Curry appreciated James’ encouragement. He applauded it, saying, “I think it’s bold, it’s courageous for any guy to speak up, let alone a guy that has as much to lose as LeBron does.” Curry elaborated on his original message later that day, criticizing Trump once again by calling his comments “beneath the leader of a country.”

Furthermore, the active protests against Trump and some of his controversial ideals have manifested themselves in other American sports leagues as well.

Several NFL players, starting last season with then-San Francisco 49ers quarterback Colin Kaepernick, have knelt or sat during the national anthem to protest police brutality and institutional racism. On the opening weekend of the NFL two weeks ago, more players refused to stand during the anthem. Trump responded during his recent Senatorial campaign speech for Luther Strange by exclaiming, “That’s a total disrespect of everything that we stand for.” He encouraged team owners to act, adding, “Wouldn’t you love to see one of these NFL owners, when somebody disrespects our flag, you’d say, ‘Get that son of a bitch off the field right now. Out! He’s fired!’”

This past Saturday, President Trump continued his fixation with the issue on his Twitter feed.

“If a player wants the privilege of making millions of dollars in the NFL, or other leagues, he or she should not be allowed to disrespect our Great American Flag and should stand for the National Anthem,” Trump wrote in a pair of tweets. “If not, YOU’RE FIRED. Find something else to do!” He then added, “They’re ruining the game,” attributing the recent drop in NFL ratings to the players’ refusal not to stand during the national anthem. This past Saturday, many players kneeled for the anthem, along with some entire teams deciding not to come out during the patriotic moment.

This Monday’s New York Times published an article in which football fan Laurie Flynn, 28, spoke about the bigger issues than football that Trump has on his plate. She asked, “Why is the president commenting on the NFL? Doesn’t he have bigger things to think about? This is unfair to the fans. I didn’t come here to deal with this.”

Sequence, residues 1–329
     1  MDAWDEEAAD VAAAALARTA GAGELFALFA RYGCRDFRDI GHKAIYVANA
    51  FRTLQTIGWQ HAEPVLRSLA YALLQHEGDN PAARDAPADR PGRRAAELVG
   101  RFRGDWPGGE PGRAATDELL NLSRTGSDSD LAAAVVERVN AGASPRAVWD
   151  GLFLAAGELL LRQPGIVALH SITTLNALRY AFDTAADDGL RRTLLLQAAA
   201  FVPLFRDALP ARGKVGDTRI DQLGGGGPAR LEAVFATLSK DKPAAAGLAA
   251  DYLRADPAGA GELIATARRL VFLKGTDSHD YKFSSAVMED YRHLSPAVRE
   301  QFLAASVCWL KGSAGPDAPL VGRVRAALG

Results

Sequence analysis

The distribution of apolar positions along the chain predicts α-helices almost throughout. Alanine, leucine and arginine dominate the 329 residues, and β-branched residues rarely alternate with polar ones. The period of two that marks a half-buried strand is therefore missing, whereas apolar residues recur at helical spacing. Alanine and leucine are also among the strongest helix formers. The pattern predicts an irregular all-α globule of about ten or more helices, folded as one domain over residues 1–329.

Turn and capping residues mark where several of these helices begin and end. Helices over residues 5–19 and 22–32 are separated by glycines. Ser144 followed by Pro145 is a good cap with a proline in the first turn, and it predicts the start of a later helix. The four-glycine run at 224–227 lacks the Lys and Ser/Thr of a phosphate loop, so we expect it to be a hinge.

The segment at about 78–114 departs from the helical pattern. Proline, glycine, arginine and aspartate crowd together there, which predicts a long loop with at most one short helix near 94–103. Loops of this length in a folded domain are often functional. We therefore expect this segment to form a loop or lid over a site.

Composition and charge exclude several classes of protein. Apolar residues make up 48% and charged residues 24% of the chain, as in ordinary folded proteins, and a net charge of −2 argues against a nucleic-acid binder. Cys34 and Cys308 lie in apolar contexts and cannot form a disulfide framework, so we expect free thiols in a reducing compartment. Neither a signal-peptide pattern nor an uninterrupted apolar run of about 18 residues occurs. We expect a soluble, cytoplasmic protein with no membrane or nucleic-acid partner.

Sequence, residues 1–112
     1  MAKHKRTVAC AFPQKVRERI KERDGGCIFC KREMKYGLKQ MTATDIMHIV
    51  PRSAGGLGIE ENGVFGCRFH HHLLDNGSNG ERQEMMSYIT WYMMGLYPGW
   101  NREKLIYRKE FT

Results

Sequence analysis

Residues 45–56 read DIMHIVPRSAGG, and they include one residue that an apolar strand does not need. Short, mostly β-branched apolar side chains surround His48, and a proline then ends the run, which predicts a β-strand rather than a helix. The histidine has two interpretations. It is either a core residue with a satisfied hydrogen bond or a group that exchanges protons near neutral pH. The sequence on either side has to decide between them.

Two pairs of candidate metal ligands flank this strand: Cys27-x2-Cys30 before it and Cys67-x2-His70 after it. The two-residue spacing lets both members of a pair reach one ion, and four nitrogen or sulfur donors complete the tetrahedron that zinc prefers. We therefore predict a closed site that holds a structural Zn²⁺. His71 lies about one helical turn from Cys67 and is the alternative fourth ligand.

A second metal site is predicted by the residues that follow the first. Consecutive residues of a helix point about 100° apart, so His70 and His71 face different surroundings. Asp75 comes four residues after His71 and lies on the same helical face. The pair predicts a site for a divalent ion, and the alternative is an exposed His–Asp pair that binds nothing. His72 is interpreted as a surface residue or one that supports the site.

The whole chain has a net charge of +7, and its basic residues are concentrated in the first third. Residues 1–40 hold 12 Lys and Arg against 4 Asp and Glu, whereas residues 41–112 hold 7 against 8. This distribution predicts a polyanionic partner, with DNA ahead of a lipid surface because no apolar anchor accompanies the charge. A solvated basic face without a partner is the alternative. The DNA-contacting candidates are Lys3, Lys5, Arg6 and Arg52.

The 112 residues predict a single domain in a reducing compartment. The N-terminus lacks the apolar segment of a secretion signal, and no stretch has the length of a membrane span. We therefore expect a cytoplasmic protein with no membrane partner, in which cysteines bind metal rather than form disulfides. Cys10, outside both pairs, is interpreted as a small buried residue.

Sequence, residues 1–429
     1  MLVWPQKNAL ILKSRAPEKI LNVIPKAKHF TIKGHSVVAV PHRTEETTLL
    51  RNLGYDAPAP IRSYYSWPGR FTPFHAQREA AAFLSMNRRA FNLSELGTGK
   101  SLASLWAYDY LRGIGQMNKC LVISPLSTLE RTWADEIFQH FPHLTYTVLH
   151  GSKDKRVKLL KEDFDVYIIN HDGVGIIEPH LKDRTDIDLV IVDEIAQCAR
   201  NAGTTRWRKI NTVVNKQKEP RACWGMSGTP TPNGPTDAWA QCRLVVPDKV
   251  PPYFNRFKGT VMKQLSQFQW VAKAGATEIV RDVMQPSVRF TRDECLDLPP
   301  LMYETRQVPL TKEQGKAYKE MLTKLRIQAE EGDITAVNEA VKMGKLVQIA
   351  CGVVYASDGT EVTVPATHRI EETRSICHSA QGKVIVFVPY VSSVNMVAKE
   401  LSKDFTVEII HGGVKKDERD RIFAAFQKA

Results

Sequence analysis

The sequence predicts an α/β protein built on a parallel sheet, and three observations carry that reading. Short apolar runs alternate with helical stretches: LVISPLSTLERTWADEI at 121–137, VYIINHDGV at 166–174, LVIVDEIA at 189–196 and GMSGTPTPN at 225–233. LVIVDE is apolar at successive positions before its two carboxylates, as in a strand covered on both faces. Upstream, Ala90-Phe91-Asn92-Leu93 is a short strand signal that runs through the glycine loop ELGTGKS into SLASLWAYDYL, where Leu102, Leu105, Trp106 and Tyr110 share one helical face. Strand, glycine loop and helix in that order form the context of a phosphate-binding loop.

Returning to the original actions of Steph Curry, I asked Eudy Lopez ’21, a fellow sports fan, about Curry’s intent to decline Trump’s invitation to the White House.

“Well, I think he should be able to express his opinions, regardless of what they are. So, I think it’s fine to say what he thinks. As far as if I agree, I definitely think that he has a valid point by acknowledging that he doesn’t stand with several of Trump’s beliefs.” Regarding Curry’s decision to end the long-standing tradition, Lopez argued,

“He has the right to do so. I also believe that it’s a necessary step in protesting. He doesn’t give in, he doesn’t play both sides. He makes his decisions and stands by them, showing commitment to social justice. Steph Curry has the platform and outreach to help influence change in a turbulent time in our country. His actions and those of similarly minded NFL players are going to help give voice to those who have historically been silence.”

It’s still not fully clear whether the Warriors and Trump will make amends and continue the long-standing tradition, but from the actions of both parties, it seems as though neither Curry and the Warriors nor Trump and his ego are going to apologize anytime soon.

Mountain Justice Joins National Group Sunrise, Broadens Goals